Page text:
Tompkins’ practical advice for using video and leveraging your digital assets, I found really useful a a beginner in consistent online publishing. While a lot of advice may feel like common sense in hindsight, that’s usually just an indicator that it was good advice. So while I catch myself thinking, “Yeah, makes sense,” while I read about closeup shots and medium shots being better for online video because so many people watch on small devices nowadays, it’s not something you actually cognate until someone outlines that it does make a difference. Then you remember that some videos you watch on your phone feel “busy” or “crowded” and you can connect that that’s probably because their shots weren’t appropriate either for their story or the screen size the intended audience is seeing it on.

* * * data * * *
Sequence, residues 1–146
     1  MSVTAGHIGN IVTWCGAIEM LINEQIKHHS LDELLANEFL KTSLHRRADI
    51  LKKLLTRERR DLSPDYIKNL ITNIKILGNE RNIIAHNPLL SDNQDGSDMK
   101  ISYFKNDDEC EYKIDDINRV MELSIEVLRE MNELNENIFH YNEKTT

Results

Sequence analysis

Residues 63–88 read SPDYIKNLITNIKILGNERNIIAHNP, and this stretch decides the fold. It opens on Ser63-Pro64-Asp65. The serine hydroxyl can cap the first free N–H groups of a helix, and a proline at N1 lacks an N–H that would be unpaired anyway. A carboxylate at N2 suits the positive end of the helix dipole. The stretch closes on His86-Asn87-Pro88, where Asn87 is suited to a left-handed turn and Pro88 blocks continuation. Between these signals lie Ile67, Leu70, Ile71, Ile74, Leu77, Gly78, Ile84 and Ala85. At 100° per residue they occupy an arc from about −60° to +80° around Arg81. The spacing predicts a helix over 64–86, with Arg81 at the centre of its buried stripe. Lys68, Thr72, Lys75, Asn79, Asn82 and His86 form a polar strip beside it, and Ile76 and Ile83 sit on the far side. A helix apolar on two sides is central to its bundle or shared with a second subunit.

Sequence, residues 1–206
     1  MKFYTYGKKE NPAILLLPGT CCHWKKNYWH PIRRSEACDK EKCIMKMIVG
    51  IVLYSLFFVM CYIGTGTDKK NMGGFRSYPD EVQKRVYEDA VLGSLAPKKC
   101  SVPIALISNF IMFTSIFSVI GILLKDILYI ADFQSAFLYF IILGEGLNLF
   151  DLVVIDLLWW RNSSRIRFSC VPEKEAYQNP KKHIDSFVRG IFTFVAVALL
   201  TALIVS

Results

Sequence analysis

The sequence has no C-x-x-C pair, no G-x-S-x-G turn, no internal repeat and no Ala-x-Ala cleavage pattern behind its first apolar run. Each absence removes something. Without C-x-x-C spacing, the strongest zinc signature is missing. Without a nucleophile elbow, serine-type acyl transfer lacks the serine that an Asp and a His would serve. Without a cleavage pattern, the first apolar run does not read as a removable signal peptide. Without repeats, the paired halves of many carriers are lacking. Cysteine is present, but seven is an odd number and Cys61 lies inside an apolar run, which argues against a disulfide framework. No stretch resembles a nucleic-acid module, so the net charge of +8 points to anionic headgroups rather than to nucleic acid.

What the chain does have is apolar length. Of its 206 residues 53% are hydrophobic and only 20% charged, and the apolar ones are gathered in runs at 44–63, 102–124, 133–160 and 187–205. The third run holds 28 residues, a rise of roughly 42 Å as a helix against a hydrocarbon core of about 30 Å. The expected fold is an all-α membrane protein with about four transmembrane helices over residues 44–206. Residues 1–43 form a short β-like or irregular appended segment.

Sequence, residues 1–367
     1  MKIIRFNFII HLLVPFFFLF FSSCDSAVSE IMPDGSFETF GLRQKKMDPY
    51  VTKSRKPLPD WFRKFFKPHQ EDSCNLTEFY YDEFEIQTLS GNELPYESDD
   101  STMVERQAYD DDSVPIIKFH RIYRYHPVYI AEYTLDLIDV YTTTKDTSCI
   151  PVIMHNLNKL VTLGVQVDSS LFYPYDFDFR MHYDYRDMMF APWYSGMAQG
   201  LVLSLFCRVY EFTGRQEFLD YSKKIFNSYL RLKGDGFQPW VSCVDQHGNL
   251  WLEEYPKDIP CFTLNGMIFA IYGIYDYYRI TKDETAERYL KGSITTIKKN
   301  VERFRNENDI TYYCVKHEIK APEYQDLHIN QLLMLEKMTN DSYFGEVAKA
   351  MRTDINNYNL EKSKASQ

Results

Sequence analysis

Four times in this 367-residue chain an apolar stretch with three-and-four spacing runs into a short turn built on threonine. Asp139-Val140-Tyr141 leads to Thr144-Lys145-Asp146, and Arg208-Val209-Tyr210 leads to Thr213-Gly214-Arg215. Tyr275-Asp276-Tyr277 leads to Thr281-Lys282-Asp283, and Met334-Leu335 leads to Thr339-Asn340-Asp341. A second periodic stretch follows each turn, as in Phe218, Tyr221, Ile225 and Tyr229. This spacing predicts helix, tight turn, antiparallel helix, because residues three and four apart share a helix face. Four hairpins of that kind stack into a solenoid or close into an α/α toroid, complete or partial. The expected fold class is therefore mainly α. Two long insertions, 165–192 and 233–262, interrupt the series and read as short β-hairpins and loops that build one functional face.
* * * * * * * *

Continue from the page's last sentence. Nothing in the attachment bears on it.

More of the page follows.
Meaningful engagement was interesting to read about because I’d assume you want any and all engagement, but it was validating to read about not all stories being left open to comment sections, because I agree that not all stories benefit from having them, or the audience doesn’t benefit in every case of a story having comments open. Using data to know what engagement is most effective, and making sure to use your analytics to understand when and what to post, again sounds like common sense, but mapping out guidelines like that for your organization can really make or break your viewership. In this same section, (p.183) there was advice given about being consistent and updating often during breaking news, special events, or elections. While I also as a consumer sample more during these occasions, I hadn’t thought about it as a journalist as such an advantageous opportunity to engage a new audience.

All in all, I benefited immensely from this chapter’s practical advice. I especially loved the simple bullet list of “Skills you need to get hired or keep your job” (p 190) and the social media guidelines from the Radio Television Digital News Association. Even more on this second read, I’m appreciating the perspective and experience Tompkins shares.


Don’t Make Me Think, Steve Krug